Just How Accurate Is Your Wrist-Based Heart Rate Monitor?

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The availability and features of wearable technology, activity trackers, and apps for running has increased significantly over the past decade. What was once a market that nearly exclusively consisted of Timex sports watches and other basic wrist watches, has now exploded to include GPS-enabled running watches, heart rate monitors, cadence or stride rate sensors, and even power meters.

Although some runners are more traditional or “purest” in their approach to running and prefer to run sans technology or with just a basic wristwatch to keep track of overall workout duration, many runners take the “the more the better“ approach to capturing running data and biometrics through wearable technology.

These runners will likely be outfitted with the latest and greatest running watches and heart rate monitors from the now thousands of brands available, including Garmin, Polar, and Fitbit, hoping to gain more insight into their training and their body’s response to each run. 

And, running technology like heart rate monitors are now much more comfortable to wear, particularly with the advent of optical heart rate monitors in wrist-worn smartwatches, making it all the more accessible and seamless to add this valuable training tool to your running gear.

But are these wearable fitness trackers and devices accurate? Specifically, just how accurate is your heart rate monitor watch? Are wrist-based heart rate monitors less accurate than chest straps? 

In this guide, we will explore the accuracy of wrist-based heart rate monitors for running and the implications for training with a wrist-based heart rate monitor.

We will look at: 

  • Downsides of Chest Strap Heart Rate Monitors
  • How Do Wrist-Based Heart Rate Monitors Work?
  • Benefits of Wrist-Based Heart Rate Monitors
  • Just How Accurate Is Your Wrist-Based Heart Rate Monitor?

Let’s get started!

A person wearing a wrist-based heart rate monitor.

Downsides of Chest Strap Heart Rate Monitors

Chest strap heart rate monitors used to be the only option available to runners who wanted to measure their heart rate while running. These devices are quite accurate and are often considered the gold standard to measure heart rate, but several drawbacks exist.

#1: Chest Strap HR Monitors Can Be Uncomfortable 

Heart rate monitors that use a chest strap can be quite uncomfortable when you are running or working out. The chest strap has to be tight enough to keep the electrodes stationary against your skin, which can restrict breathing, or at least create the sensation of restricted breathing.

#2: Chest Strap HR Monitors Can Be Hard to Position Properly for Heavier Runners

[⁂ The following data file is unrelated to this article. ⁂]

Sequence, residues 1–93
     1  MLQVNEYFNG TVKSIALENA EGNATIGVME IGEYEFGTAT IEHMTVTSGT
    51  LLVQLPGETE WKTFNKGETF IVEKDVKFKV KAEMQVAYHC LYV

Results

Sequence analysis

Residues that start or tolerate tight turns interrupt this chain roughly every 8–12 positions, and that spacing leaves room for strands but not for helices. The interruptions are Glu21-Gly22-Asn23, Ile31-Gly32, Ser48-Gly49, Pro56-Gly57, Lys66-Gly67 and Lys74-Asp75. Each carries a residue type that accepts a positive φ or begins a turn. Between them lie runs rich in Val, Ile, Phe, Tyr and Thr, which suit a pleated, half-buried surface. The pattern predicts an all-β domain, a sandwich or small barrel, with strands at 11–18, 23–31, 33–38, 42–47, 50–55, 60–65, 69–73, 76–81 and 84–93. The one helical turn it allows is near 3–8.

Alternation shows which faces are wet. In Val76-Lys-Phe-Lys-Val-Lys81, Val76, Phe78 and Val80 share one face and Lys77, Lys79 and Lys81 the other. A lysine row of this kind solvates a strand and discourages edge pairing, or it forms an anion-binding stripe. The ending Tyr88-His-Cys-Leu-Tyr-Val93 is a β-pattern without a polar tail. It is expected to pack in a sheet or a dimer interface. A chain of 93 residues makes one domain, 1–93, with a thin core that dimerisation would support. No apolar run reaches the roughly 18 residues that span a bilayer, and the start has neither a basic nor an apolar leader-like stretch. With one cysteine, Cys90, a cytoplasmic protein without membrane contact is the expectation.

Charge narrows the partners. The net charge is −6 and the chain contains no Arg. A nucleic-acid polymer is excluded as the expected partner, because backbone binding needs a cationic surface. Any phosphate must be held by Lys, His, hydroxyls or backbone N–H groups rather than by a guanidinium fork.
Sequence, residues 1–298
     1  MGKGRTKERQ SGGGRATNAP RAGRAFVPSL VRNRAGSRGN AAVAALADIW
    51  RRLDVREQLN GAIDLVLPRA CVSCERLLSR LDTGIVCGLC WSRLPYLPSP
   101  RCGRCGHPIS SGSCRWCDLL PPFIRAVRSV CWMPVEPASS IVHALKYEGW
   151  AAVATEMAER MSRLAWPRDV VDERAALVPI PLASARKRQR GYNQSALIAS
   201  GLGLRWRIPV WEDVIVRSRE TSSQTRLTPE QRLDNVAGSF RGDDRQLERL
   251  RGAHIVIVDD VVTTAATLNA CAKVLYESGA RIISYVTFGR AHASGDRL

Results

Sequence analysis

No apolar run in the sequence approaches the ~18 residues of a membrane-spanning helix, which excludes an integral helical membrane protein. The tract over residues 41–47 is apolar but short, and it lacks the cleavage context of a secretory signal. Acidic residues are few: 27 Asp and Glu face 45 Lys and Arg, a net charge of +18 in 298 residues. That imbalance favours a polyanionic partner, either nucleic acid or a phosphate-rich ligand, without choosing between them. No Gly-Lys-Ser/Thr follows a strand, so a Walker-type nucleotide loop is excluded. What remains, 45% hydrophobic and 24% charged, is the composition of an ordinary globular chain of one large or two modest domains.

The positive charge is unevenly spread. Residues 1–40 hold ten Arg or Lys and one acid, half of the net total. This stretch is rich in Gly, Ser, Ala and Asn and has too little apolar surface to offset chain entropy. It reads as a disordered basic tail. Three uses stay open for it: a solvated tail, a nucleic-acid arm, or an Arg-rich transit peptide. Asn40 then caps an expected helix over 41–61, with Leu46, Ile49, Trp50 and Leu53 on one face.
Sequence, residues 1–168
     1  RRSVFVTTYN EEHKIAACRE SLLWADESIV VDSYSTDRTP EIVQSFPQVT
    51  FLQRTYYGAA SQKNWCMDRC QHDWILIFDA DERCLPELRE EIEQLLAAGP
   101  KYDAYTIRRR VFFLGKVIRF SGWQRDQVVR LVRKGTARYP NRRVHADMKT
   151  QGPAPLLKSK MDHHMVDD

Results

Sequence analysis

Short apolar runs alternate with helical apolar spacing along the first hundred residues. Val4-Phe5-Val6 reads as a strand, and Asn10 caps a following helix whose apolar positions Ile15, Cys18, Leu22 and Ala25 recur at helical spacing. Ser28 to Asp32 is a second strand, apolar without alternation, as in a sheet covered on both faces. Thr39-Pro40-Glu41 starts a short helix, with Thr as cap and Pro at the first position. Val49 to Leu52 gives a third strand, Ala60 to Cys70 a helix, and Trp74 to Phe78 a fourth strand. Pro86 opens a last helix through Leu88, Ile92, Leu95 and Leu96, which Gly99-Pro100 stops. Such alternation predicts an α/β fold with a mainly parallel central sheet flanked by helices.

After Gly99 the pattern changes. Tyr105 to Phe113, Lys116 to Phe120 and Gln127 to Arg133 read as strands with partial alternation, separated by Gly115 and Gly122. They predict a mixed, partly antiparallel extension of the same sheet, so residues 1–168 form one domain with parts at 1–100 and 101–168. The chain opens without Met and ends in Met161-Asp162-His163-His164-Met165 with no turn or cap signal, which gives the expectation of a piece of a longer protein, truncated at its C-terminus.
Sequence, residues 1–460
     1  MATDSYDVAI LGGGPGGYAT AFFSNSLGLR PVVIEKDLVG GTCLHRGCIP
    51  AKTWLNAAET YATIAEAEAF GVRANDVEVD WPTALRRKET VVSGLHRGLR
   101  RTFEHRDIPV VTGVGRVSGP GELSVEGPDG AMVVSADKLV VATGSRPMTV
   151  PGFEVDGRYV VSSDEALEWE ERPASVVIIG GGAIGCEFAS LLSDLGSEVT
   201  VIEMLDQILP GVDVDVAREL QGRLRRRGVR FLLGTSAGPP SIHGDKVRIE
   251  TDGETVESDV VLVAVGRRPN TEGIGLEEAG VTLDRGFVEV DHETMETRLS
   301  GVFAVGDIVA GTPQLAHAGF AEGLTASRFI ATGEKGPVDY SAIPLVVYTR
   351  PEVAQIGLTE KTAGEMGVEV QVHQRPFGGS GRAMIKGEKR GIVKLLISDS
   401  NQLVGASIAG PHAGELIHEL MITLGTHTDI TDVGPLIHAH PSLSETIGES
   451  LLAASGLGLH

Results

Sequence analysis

The accuracy of heart rate data from a chest strap HRM is also highly dependent on proper positioning. The electrodes should ideally sit just below the nipple line. 

However, this can be a difficult placement for runners with more body fat, and unfortunately, the farther away the HR monitor gets from your heart, the weaker the electrical signal, which can lead to a loss of connection and an absence of your heart rate data.

A person adjusting their chest strap.

#3: Chest Strap HR Monitors Can Interfere With Sports Bra Bands

Women who wear a sports bra while running often complain that chest strap heart rate monitors interfere with the positioning of the sports bra, as the chest strap and the lower elastic band or underwires of the sports bra often compete for the same “real estate” or skin area of the chest. 

Although there are some sports bras for runners specifically designed with a sleeve in the band for a heart rate monitor, they are expensive and may otherwise not meet the needs or likings of the runner.

#4: Chest Strap HR Monitors Can Slip Down

Heart rate monitors that rely on a chest strap are prone to sliding down or twisting around laterally from their initial placement while running or doing any cardio, especially if it’s high intensity. 

This is not only a frustrating nuisance, as you have to keep readjusting the strap or shimmying it back into position, but it also interferes with the consistency and overall percentage of heart rate data captured during the run.

In other words, if the heart rate monitor falls down or slips out of place, the electrodes will lose contact with your skin in their proper placement positions and won’t be able to capture your heart rate data accurately.

A person running with a chest strap.

#5: Chest Strap HR Monitors Require a Wrist-Worn Device to See Your Data

Another drawback of heart rate monitors with a chest strap is that you have to wear a wrist unit of some sort simultaneously if you want to be able to see your heart rate metrics in real-time through ANT or Bluetooth. 

Therefore, you are encumbered with yet another device, and if you have a different running watch, you’ll have to wear units on each wrist.

#6: Chest Strap HR Monitors Corrode

Finally, the snaps that hold the electrodes in place on chest heart rate monitors are prone to corrosion from sweat, which starts to render them faulty, as the corrosion interferes with the accurate and consistent electrical conduction that detects your heart rate.

Corrosion of the snaps frequently leads to the premature breakdown of the HR monitor.

A person running with a chest strap.

How Do Wrist-Based Heart Rate Monitors Work?

The technology used to assess your heart rate is different between chest strap heart rate monitors and wrist HR monitors.

Chest strap heart rate monitors use electrodes to record the electrical conductivity signals of your heart as it contracts (beats) to pump blood. 

Much like the electrodes used on an electrocardiogram (ECG), the electrodes of chest HR monitors are sensing the spike on the ECG (called the QRS complex) when the left ventricle contracts and pumps blood out of the heart through the aorta into circulation. 

Your heart rate is reported as the number of times this electrical signal is detected per minute because this event occurs once per cardiac cycle, or complete heart beat.